Activist Groups Urge Obama to Reject Boy Scout Honor
From Fox News:
Activist groups, including Scouting for All, urge President Obama not to accept the honorary Presidency of the Boy Scouts of America until they stop discriminating.
Scouting for All is a 100% Volunteer 501-(c)(3) Nonprofit Organization. Every dollar donated goes toward our education and advocacy programs, and is tax deductible.
University of Illinois at Chicago
Institute for Juvenile Research
Department of Psychiatry (M/C 747)
1747 W. Roosevelt Road
Chicago, IL 60608, USA
FOR IMMEDIATE RELEASE:
FIRST GENOME SCAN OF MALE SEXUAL ORIENTATION PUBLISHED
CHICAGO, Illinois, USA, January 12, 2005
A new genetic study helps explain why some men are gay and other men are heterosexual. The first
research project that examines linkage between male sexual orientation and genes across the human genome was published
this month in the prestigious biomedical journal, Human Genetics. The culmination of several years of research,
the report identified three new chromosomal regions of interest.
One hundred forty-six families that had two or more gay brothers participated in the study. The largest finding
was a statistically suggestive linkage to a region on chromosome 7 called 7q36, and the second largest link was
found on chromosome 8, in a region called 8p12. There was also an interesting finding on chromosome 10, in the
region called 10q26, where the linkage to sexual orientation only occurred if that region was
inherited from the mother. This is likely a result of the recently discovered phenomenon that geneticists call
'genomic imprinting.' Given the complex nature of sexual orientation it is not surprising that multiple genetic
regions were implicated.
According to the lead author of the study, Dr. Brian Mustanski, "Our study helps to establish that genes play
an important role in determining whether a man is gay or heterosexual. It expands upon previous research with twins,
which has consistently found evidence for genetic influences on sexual orientation. The next steps will be to see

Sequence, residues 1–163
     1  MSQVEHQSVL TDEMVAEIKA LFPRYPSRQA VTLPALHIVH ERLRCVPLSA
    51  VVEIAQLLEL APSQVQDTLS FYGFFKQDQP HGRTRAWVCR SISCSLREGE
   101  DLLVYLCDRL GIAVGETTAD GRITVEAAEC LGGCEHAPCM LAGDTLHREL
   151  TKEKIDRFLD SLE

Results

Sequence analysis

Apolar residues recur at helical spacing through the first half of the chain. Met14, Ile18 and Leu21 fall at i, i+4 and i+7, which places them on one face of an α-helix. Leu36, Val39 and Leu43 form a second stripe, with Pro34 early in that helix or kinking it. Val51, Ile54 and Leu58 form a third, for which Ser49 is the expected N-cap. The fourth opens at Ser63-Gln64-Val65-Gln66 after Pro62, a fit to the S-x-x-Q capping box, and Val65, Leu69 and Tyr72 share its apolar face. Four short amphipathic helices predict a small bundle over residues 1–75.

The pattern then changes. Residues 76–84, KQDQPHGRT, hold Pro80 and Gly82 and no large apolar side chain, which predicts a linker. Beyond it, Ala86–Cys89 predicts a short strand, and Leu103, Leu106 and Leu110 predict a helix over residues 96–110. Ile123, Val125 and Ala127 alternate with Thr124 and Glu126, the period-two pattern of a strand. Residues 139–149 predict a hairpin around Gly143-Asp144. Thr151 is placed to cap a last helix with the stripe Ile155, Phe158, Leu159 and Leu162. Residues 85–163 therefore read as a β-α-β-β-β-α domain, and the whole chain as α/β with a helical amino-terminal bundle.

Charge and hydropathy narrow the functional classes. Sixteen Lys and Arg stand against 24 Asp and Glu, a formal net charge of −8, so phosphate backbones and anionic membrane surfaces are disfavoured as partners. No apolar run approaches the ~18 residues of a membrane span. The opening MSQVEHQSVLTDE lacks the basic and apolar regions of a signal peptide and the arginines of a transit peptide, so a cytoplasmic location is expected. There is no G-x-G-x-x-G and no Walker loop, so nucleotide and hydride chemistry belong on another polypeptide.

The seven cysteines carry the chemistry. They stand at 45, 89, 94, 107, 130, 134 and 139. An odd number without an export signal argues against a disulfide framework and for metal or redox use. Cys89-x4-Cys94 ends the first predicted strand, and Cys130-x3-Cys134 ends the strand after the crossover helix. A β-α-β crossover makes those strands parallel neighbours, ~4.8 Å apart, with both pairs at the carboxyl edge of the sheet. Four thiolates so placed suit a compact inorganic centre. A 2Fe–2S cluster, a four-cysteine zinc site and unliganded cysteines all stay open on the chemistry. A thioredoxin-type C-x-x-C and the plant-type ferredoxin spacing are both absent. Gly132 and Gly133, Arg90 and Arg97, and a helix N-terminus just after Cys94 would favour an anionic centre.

if these findings hold up in a new sample and then identify the particular genes within these newly discovered
chromosomal regions." Dr. Mustanski emphasized that finding the specific genes would have implications beyond
uncovering the cause of homosexuality. Their identification would also greatly advance our understanding of human
variation, evolution, and brain development.
Previous genetic research had focused on the X-chromosome, which men inherit only from their mothers, because of
the tendency for homosexuality to pass through the mother's side of the family. When the scientists
used their new genetic markers, they confirmed linkage to the X chromosome in the previously studied families of
this sort, but not in new families with different patterns of inheritance. This pattern of findings suggests that
different genes may influence sexual orientation in different families, a process referred to as locus heterogeneity.
The study was conducted at the National Institutes of Health in the laboratory of the senior author, Dr. Dean
Hamer. Researchers in the laboratory of Dr. Nicholas Schork at the University of California at San Diego provided
statistical consultation on the project. Dr. Brian Mustanski is currently at the University of Illinois at Chicago.
The study was published in the online version of Human Genetics on January 12, 2005 and will be in print in an
upcoming issue of the journal.
For more information please contact Dr. Brian Mustanski, at 312-996-9505 or firstname.lastname@example.org. The article
can be downloaded from the publisher at
http://springerlink.metapress.com/openurl.asp?genre=article&id=doi:10.1007 /s0043 9-004-1241-4